How America Fought Its Wars: Military Strategy from the American Revolution to the Civil War

By Victor Brooks; Robert Hohwald | Go to book overview

Introduction

On the chilly, early spring afternoon of April 9th, 1765, King George III requested that George Grenville become the prime minister of the British government. This humorless brother-in-law of the famous William Pitt was appointed with the specific mandate to devise a plan to generate revenue from His Majesty's American colonies that seemed either unwilling or unable to defend themselves against French or Indian aggression. Grenville agreed with his king that the Americans might be industrious farmers, but these "country people" seemed incapable of ever becoming effective soldiers comparable to the redcoats recruited form the British Isles. The result of this set of beliefs was the passage of a Stamp Act designed to raise money to support several regiments of British regulars in garrisons throughout the colonies. Grenville and the king were certain that any colonial opposition to this modest tax would be disorganized and brief and His Majesty's regulars could be expected to maintain order in the colonies for decades to come.

Exactly one hundred years to the day after a British king set in motion a chain of events that would ultimately cost the crown its most valuable colonies, an American general wearing a mud splattered uniform met with his gray coated counterpart to accept the surrender of the Army of Northern Virginia. Ulysses Simpson Grant commanded an army that was over ten times the size of the British army of a century earlier and had just defeated a Confederacy that had fielded an army just as brave, resourceful and tenacious as its Union opponents. Now the northern and southern descendants of the men who had opposed Grenville's Stamp tax and defeated the British army sent to force the rebel colonists into submission were once again united in a single republic. As the guns around Appomattox, Virginia were silenced, Robert E. Lee spoke to his defeated army and, as tears came to his eyes, told his men to "be as good citizens as you have been good soldiers," a charge that set in motion a reconciliation between the two

-9-

Notes for this page

Add a new note
If you are trying to select text to create highlights or citations, remember that you must now click or tap on the first word, and then click or tap on the last word.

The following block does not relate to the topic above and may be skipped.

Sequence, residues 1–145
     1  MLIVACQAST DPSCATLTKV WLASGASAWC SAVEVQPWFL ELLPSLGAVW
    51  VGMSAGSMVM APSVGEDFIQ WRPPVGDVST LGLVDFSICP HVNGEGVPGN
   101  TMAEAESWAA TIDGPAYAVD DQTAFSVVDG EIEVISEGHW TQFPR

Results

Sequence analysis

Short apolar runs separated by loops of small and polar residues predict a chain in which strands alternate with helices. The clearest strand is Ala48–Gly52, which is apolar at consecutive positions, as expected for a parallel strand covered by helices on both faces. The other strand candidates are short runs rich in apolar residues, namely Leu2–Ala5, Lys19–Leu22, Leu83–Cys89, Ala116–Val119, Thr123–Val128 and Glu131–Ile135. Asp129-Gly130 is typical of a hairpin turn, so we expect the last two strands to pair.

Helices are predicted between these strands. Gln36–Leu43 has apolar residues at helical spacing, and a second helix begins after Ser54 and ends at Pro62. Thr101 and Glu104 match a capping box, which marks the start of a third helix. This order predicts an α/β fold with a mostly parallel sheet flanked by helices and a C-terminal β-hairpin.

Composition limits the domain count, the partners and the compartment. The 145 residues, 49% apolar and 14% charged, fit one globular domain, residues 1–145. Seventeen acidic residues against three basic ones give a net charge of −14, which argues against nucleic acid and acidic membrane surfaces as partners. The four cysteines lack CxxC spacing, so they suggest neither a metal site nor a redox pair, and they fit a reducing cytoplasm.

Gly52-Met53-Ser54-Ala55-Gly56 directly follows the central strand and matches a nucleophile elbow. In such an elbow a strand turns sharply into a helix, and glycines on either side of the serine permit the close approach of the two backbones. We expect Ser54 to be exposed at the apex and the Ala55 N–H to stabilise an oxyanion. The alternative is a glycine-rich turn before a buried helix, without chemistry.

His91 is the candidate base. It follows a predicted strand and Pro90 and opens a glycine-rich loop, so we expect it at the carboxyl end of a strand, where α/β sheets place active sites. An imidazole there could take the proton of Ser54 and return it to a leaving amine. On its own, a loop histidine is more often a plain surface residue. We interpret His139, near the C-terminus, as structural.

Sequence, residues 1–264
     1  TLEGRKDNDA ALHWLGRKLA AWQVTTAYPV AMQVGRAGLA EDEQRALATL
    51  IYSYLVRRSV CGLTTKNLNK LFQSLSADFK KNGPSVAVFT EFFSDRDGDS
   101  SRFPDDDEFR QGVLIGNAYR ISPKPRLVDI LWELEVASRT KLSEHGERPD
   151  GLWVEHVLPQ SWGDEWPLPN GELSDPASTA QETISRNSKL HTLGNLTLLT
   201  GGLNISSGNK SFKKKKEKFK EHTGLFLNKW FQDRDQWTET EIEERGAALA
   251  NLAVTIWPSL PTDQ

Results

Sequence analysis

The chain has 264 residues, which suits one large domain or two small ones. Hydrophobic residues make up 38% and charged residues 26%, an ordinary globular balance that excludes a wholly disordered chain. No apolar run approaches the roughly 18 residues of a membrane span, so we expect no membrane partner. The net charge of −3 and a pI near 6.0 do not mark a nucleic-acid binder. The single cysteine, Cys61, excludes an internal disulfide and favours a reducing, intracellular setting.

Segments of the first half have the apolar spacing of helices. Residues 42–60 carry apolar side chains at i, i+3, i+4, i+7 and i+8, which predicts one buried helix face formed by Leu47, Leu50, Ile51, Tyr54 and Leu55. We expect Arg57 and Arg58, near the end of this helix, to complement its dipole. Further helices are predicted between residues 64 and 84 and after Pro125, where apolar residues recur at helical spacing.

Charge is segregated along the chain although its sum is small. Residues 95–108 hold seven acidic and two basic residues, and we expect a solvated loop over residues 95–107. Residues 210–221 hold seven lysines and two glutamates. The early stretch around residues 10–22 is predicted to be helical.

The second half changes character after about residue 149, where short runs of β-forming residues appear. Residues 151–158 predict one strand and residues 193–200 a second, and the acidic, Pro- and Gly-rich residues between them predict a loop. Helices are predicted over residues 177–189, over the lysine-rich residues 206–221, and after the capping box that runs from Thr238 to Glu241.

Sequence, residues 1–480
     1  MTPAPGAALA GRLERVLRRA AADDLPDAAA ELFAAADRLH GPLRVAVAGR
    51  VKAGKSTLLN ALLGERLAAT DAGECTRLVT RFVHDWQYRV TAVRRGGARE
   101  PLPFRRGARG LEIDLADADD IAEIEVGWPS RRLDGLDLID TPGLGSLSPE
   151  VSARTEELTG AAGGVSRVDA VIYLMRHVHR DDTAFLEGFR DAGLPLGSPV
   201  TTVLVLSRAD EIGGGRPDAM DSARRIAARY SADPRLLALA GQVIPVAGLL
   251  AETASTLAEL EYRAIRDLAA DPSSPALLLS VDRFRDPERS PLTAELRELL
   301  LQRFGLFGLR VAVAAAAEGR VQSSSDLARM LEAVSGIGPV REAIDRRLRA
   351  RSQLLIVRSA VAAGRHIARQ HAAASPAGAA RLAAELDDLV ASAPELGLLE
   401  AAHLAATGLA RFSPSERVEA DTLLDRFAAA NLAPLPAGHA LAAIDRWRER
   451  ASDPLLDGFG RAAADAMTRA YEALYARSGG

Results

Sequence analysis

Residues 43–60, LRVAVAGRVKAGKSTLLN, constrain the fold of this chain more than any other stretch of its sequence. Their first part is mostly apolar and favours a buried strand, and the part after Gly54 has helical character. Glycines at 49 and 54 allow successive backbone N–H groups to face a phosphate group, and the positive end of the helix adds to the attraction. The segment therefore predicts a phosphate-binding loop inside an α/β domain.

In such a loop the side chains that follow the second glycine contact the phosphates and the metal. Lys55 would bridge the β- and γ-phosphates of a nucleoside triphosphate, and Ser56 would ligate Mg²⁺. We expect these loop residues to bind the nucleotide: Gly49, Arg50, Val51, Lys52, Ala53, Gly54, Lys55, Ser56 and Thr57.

One moment ...
Project items

Items saved from this book

This book has been saved
Highlights (0)
Some of your highlights are legacy items.

Highlights saved before July 30, 2012 will not be displayed on their respective source pages.

You can easily re-create the highlights by opening the book page or article, selecting the text, and clicking “Highlight.”

Citations (0)
Some of your citations are legacy items.

Any citation created before July 30, 2012 will labeled as a “Cited page.” New citations will be saved as cited passages, pages or articles.

We also added the ability to view new citations from your projects or the book or article where you created them.

Notes (0)
Bookmarks (0)

You have no saved items from this book

Project items include:
  • Saved book/article
  • Highlights
  • Quotes/citations
  • Notes
  • Bookmarks
Notes
Cite this page

Cited page

Style
Citations are available only to our active members.
Sign up now to cite pages or passages in MLA, APA and Chicago citation styles.

(Einhorn, 1992, p. 25)

(Einhorn 25)

1

1. Lois J. Einhorn, Abraham Lincoln, the Orator: Penetrating the Lincoln Legend (Westport, CT: Greenwood Press, 1992), 25, http://www.questia.com/read/27419298.

Cited page

Bookmark this page
How America Fought Its Wars: Military Strategy from the American Revolution to the Civil War
Table of contents

Table of contents

Settings

Settings

Typeface
Text size Smaller Larger
Search within

Search within this book

Look up

Look up a word

  • Dictionary
  • Thesaurus
Please submit a word or phrase above.
Print this page

Print this page

Why can't I print more than one page at a time?

Full screen
/ 496

matching results for page

Cited passage

Style
Citations are available only to our active members.
Sign up now to cite pages or passages in MLA, APA and Chicago citation styles.

"Portraying himself as an honest, ordinary person helped Lincoln identify with his audiences." (Einhorn, 1992, p. 25).

"Portraying himself as an honest, ordinary person helped Lincoln identify with his audiences." (Einhorn 25)

"Portraying himself as an honest, ordinary person helped Lincoln identify with his audiences."1

1. Lois J. Einhorn, Abraham Lincoln, the Orator: Penetrating the Lincoln Legend (Westport, CT: Greenwood Press, 1992), 25, http://www.questia.com/read/27419298.

Cited passage

Welcome to the new Questia Reader

The Questia Reader has been updated to provide you with an even better online reading experience.  It is now 100% Responsive, which means you can read our books and articles on any sized device you wish.  All of your favorite tools like notes, highlights, and citations are still here, but the way you select text has been updated to be easier to use, especially on touchscreen devices.  Here's how:

1. Click or tap the first word you want to select.
2. Click or tap the last word you want to select.

OK, got it!

Thanks for trying Questia!

Please continue trying out our research tools, but please note, full functionality is available only to our active members.

Your work will be lost once you leave this Web page.

For full access in an ad-free environment, sign up now for a FREE, 1-day trial.

Already a member? Log in now.